"On the surface, Nekropolis is a love story, one with dangerous undercurrents, however, that make it more than a romance....Well written in simple, emotionally engaging prose, this is no mere love story but a consideration of the conflicts between old rules and new technology and between attitudes of freedom and slavery. Despite the strangeness of Hariba's world, it is easy to identify with the humanity of its denizens and be engaged by their struggles to survive." Regina Schroeder, Booklist
'A literary novel in sci-fi clothing." Cleveland Plain Dealer
"Profoundly poignant." New York Times Book Review
"Superb...very believable...It is almost a disservice to call this book 'science fiction.' Call it 'speculative fiction' instead...Rich in the details of everyday life...[this] bittersweet novel beautifully captures the hard choices and compromises the poor must endure." Dallas Morning News
Fleeing an empty future in the Nekropolis, twenty-one-year-old Hariba has agreed to have herself "jessed," the technobiological process that will render her subservient to whomever has purchased her service. Indentured in the house of a wealthy merchant, she encounters many wondrous things. Yet nothing there is as remarkable and disturbing to her as the harni, Akhmim. A perfect replica of a man, this intelligent, machine-bred creature unsettles Hariba with its beauty, its naive, inappropriate tenderness . . . and with prying, unanswerable questions, like "Why are you sad?" And slowly, revulsion metamorphoses into acceptance, and then into something much more. But these outlaw emotions defy the strict edicts of God and Man — feelings that must never be explored, since no master would tolerate them. And the "jessed" defy their master's will at the risk of sickness, pain, imprisonment . . . and death.
Life exists in the Nekropolis — but it is a life with no future. To escape, Hariba agrees to be "jessed, " a technobiological process that enhances natural loyalties. At 26, she enters a wealthy household as an indentured servant, free, she believes, of the Nekropolis. Akhmim, a beautiful, charming harni, an intelligent, machine-bred creature, also enters Hariba's new household. Occupying the lowest stratum of society, harni are despised — and feared — by their "superiors" for their cool detachment. And though he is considered less than human, Akhmim asks Hariba troubling questions she cannot answer, questions that cut to her soul.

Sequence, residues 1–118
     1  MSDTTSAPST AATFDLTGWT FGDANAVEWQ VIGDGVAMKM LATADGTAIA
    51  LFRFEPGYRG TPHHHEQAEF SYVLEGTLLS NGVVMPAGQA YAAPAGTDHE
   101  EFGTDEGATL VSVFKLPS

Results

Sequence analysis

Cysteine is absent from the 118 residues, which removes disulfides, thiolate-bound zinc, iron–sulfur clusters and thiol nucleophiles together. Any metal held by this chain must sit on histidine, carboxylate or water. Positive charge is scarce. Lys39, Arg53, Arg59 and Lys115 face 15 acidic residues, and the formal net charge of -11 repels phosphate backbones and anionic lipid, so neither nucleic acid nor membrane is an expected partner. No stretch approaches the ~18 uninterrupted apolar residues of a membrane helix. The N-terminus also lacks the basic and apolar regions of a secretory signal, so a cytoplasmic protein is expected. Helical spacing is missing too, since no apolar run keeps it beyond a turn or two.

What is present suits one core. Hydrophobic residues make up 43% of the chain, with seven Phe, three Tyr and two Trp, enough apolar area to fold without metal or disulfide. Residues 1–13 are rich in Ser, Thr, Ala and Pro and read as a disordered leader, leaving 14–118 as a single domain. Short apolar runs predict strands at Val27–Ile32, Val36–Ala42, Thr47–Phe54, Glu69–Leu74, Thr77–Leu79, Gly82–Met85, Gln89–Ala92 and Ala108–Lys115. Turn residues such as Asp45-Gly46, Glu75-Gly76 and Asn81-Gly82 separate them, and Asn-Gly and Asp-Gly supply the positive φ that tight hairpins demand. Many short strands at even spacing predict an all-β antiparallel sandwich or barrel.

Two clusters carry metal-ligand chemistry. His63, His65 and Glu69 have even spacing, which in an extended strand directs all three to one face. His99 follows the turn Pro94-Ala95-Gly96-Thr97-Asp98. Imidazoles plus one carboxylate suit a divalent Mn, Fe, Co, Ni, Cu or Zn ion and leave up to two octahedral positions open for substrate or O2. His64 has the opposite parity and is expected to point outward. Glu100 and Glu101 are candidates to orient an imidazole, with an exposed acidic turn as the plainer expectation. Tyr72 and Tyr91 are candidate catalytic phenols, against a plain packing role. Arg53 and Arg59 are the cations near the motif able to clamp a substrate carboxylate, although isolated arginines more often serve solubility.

Hugo Award-winning author Maureen F. McHugh has imagined a breathtaking story of humanity and individuality, creating a society in which two misfits defy rigid conventions as they dare to do the impossible . . . fall in love.
About the Author
Maureen F. McHugh is the author of the critically acclaimed novels Mission Child, China Mountain Zhang — which was a New York Times Notable Book, nominated for both a Hugo and a Nebula Award, and winner of the Locus Readers' Poll for Best First Novel, a James Tiptree Award, and a Lambda Award — and Half the Day is Night. She received the Hugo for her short story "The Lincoln Train," and other stories have appeared in several publications and anthologies, including in the highly regarded collection Starlight 1. Ms. McHugh lives in Ohio with her husband and stepson.